Our Performance Analysts will have access to AppInsight Analytics so they can learn how to query the data, and allow us to explore how we can make it a comparable service to Google Analytics (mainly spreading more tracking around). Our Liz and Sara will help them query the data platform using OData to look up what the IDs refer to, and help them become more familiar with what’s there, using that endpoint. Data analysts and performance analysts are planning to get together to discuss overall measurements for the website, and we’ll use this as an opportunity to practice querying and to consider how we could validate the measures we come up with.
Matthieu, when he was not talking to people, was learning to love C# and Visual Studio. Live Unit Testing development flow is apparently a treat.
Thanks to some great work by Wojciech, the UK Parliament API is now fully described by Swagger He also put to good use the datasource change notification service Chris created some time ago and caught multiple changes to data we hold about Lords (jubilant arrivals and unfortunate departures).
Although the likelihood of identifier collisions with our eight characters and (currently) ~1 million resources is negligible, Jianhan reduced this to zero by checking each new generated identifier against the existing data to filter duplicates. Although this obviously increases the time it takes to create each new Id, we think it is worth it. As we move this new feature into production (the live environment), we’ll track the actual performance degradation.
Last but not least, Usman, Jamie and Samu (and to a degree Jenna and James) spent some hours troubleshooting the workpackages page not working on beta.parliament.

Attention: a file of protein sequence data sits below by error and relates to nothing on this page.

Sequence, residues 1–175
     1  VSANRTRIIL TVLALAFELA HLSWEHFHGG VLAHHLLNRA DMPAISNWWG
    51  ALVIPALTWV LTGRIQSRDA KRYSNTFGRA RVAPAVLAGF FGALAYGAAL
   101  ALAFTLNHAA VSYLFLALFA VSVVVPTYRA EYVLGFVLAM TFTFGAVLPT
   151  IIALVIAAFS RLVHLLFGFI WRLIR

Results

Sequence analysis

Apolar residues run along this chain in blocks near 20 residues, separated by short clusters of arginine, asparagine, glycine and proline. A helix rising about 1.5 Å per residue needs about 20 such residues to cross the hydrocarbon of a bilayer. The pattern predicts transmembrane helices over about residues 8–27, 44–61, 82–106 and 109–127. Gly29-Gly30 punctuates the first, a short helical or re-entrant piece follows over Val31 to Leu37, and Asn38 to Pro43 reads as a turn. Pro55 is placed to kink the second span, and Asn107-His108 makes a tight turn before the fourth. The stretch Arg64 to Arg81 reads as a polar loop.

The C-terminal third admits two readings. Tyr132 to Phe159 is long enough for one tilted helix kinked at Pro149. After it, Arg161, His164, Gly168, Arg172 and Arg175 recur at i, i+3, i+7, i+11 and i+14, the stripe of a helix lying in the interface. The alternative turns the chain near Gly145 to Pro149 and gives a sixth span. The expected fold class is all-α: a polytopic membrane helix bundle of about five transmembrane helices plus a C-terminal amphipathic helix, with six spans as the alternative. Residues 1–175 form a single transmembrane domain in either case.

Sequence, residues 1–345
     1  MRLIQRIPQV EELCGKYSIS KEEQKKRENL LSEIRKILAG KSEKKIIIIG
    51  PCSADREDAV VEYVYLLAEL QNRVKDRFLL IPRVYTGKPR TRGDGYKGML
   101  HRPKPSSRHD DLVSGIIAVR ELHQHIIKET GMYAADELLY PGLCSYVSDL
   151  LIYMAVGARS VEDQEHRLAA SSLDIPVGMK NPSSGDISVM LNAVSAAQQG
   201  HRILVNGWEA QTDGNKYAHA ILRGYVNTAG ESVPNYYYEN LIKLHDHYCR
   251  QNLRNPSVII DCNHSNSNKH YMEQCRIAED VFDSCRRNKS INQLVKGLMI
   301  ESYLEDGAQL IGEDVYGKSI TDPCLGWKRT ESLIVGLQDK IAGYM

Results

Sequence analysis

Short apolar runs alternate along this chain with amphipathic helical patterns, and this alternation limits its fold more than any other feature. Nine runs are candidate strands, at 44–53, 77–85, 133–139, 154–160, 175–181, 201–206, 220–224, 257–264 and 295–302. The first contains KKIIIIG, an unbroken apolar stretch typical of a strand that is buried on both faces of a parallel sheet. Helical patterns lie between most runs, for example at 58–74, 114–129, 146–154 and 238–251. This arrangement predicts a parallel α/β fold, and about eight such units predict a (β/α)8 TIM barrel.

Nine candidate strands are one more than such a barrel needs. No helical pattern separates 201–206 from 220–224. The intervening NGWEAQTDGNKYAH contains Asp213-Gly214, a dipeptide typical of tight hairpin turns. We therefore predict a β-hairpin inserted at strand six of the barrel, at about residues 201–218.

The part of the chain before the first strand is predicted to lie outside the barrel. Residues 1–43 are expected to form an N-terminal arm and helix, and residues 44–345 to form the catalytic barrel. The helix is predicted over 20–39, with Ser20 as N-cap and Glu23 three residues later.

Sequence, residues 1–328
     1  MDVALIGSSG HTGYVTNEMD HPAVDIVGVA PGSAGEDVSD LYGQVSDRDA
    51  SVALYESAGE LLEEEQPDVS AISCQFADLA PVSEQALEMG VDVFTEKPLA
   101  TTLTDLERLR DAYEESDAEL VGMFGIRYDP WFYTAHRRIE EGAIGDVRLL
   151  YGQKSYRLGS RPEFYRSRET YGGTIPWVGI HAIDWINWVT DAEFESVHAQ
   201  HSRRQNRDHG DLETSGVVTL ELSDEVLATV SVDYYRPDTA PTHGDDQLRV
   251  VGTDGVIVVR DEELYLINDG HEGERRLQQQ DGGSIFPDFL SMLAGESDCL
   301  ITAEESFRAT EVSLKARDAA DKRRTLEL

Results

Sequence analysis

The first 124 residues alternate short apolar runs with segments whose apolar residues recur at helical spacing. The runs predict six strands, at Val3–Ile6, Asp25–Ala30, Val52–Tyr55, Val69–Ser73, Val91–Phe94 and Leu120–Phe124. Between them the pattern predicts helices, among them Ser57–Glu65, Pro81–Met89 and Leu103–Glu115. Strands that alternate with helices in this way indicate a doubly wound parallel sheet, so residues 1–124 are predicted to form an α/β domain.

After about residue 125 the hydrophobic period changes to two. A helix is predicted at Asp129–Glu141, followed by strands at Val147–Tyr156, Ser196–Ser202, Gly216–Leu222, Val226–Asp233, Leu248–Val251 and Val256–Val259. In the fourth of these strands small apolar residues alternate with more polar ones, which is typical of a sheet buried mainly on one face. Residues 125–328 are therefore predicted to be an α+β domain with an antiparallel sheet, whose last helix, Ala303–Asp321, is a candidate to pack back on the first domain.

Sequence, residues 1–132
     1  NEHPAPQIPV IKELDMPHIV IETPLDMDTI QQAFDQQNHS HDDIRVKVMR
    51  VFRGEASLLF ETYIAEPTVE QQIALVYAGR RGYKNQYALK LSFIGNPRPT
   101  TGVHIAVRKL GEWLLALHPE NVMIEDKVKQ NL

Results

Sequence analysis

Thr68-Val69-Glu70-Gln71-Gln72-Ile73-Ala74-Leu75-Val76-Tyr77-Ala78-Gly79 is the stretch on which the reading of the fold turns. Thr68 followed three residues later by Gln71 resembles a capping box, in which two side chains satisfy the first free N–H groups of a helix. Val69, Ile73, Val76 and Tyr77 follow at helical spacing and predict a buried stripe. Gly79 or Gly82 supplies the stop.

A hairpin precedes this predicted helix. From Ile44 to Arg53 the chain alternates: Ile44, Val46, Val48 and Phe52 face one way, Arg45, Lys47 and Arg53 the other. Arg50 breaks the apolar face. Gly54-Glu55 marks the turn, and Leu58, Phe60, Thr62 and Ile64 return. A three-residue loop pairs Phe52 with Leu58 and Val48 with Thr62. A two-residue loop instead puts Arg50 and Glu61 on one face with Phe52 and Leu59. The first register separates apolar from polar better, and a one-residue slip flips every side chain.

Our first guess was that either web developers or data developers introduced a problem with a recent release.
We eliminated it being a Query API problem, then narrowed it down to a data entry or import problem.
Jamie looked at the data source and found duplicate identifiers: a recent workpackage was “the same” as a business item and a laying.
We removed the offending data from the service as well as the data source and will introduce it back next week with the same identifiers (minus duplication).
Sara and Matt went to the IDMS Indexing meeting that takes place every other Thursday, where team members discuss cases where indexing should be revisited for consistency. These discussions usually result in the introduction of new terms to the thesauri or data tasks where records must be manually re-indexed.
Lewis continued work this week on gradually improving our KPI reporting infrastructure using Power BI.
Not a single stroll or trip to the seaside reported this week, despite the Summer sunshine. Tough times.